Food. Music. Cars. It doesn’t take a genius to work out that just about everyone is going to be an ardent fan of at least one of these topics, and that’s exactly what Car-Fest has to offer – all three and more.
I’m one of those people that’s passionate about them all, but as much as I enjoyed the annual ‘Cakes vs Pies’ competition, and the live performances by the likes of Simple Minds and Seasick Steve, this is a site that’s all about the motors, so that’s what I’m going to concentrate on.
Now in its third year (second to be based at Oulton Park), Car-Fest North is unique in its approach to getting the maximum enjoyment out of petrol and what it propels. It’s easy to draw comparison to the likes of The Goodwood Festival Of Speed – the quality and quantity of cars on-site is genuinely breathtaking, but you’ll not find any competition or racing at Car-Fest – that’s just not in the spirit of the event.
The whole point is to make high-performance and achingly beautiful cars as accessible as possible to everyone present, showing off just what they’re capable of, including their sometimes blisteringly quick performance and how quickly it can decimate tyres, whilst maintaining an atmosphere that even the youngest festival-goers will feel at home in.
Using Oulton Park to host the event may take away some of the garden-party spirit that Chris Evans is keen to offer at his Car-Fest events (CF South is held in Jody Scheckter’s back garden), but I personally feel that the advantages of having a professional grade racing track for the drivers to show off on, including its run-off areas, barriers and pits, far outweigh anything that might be lost by not using a quaint driveway and some pretty fields.
Anyway, back to the cars. As I said, there’s no timing or racing to report on so I can’t give you any results, but this doesn’t detract from Car-Fest in the slightest. It sometimes seems as if Chris Evans has flicked through his address book, selected his utmost petroleum-loving mates and invited them to his party to unashamedly show-off their most treasured cars. And what’s wrong with that?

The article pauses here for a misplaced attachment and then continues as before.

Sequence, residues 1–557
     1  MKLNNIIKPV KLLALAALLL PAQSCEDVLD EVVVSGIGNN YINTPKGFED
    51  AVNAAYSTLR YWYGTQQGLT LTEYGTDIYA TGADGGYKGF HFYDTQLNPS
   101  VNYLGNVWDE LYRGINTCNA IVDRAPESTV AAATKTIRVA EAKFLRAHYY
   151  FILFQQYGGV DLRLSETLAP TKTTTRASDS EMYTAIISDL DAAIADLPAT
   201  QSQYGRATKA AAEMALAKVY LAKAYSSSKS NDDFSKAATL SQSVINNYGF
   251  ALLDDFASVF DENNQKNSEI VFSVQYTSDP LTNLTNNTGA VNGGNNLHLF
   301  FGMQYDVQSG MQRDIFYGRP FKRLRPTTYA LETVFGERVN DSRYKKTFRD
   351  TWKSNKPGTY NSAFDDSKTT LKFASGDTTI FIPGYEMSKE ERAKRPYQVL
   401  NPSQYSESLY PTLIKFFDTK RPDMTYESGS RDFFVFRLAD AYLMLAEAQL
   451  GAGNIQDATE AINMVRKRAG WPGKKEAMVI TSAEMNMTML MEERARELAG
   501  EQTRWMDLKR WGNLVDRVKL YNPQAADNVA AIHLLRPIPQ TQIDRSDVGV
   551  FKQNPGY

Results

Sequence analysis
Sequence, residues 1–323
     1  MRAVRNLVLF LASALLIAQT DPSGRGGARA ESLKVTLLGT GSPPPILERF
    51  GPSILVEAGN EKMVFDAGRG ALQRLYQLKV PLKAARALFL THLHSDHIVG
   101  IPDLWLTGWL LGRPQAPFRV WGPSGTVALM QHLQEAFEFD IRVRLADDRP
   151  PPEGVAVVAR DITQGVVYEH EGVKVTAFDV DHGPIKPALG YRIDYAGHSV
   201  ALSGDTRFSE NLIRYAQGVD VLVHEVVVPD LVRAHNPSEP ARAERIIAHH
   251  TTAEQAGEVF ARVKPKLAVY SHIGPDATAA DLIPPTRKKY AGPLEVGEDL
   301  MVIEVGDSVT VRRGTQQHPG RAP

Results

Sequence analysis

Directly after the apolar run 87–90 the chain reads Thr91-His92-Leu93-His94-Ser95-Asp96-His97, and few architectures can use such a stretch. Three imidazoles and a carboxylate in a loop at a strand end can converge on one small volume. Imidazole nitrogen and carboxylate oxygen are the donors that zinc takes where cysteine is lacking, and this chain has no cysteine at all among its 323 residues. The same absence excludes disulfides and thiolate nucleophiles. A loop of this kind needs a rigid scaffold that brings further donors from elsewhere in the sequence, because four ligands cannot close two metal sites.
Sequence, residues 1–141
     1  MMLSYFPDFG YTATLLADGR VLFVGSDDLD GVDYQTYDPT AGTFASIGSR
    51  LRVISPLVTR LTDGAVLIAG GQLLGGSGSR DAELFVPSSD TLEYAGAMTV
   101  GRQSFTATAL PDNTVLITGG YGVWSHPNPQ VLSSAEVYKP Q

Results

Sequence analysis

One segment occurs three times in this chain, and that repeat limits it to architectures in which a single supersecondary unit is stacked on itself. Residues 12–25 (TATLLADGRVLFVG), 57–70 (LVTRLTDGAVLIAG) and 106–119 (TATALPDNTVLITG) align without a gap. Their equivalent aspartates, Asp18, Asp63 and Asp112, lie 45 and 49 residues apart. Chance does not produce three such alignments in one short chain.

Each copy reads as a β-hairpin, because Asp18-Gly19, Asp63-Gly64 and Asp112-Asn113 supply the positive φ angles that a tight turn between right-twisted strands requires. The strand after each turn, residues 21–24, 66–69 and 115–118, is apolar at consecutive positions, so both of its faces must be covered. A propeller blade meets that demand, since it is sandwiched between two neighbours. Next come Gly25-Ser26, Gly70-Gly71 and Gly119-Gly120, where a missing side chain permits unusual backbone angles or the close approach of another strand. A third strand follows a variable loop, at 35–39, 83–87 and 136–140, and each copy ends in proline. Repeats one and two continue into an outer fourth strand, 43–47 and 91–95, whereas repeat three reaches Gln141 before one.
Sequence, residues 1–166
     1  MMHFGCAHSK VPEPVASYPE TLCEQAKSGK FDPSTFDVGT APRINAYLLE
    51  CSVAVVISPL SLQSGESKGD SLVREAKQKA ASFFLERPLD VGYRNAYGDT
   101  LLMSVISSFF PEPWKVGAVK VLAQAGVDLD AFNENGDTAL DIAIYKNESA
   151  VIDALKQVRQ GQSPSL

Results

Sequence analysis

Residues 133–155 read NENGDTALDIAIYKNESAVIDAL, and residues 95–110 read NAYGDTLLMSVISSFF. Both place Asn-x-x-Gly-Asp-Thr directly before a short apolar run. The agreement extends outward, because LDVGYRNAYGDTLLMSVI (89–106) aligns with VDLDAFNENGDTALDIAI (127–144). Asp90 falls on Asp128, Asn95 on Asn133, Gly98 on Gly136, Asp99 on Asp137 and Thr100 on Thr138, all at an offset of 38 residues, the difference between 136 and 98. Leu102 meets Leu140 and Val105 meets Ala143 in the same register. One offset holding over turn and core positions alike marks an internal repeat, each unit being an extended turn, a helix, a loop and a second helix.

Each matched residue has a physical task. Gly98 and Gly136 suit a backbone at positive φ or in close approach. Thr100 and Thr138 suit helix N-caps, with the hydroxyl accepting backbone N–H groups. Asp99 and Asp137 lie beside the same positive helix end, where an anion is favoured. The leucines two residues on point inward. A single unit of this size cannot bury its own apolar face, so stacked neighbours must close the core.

Nick Mason of Pink Floyd is an ever-present at Car-Fest, this year bringing his Ferrari 250 GTO – a car regularly described as the most beautiful ever made, and recently estimated at being worth between £30 – £50 million. You wouldn’t blame Mr Mason for leaving the car on static display with a barrier around it, regardless of how much he’s worth, but does he? Does he heck – it was out there on the track doing what it was made for – being driven on the edge.
Various other TV stars including Paul Hollywood and Edd China can be found propelling their pride and joys around the track and, in-keeping with the whole accessible spirit of the show, they’re more than happy to chat and have pictures taken with the public once the driving’s finished and it’s safe to open the paddock up.
The unique atmosphere of Car-Fest truly has a magical element about it, probably due to both its insistence that nothing is taken too seriously, and the fact that it’s all to raise money for The BBC’s Children in Need. If you weren’t fortunate enough to get tickets this year, I can’t implore you enough to try again next year. Chris Evans gives regular updates on ticket sales via his Radio 2 breakfast show, or you can go to www.carfest.org to keep abreast of things.
To all those going to the sold-out Car-Fest South event at the end of August – have fun!
By Ben Harrington
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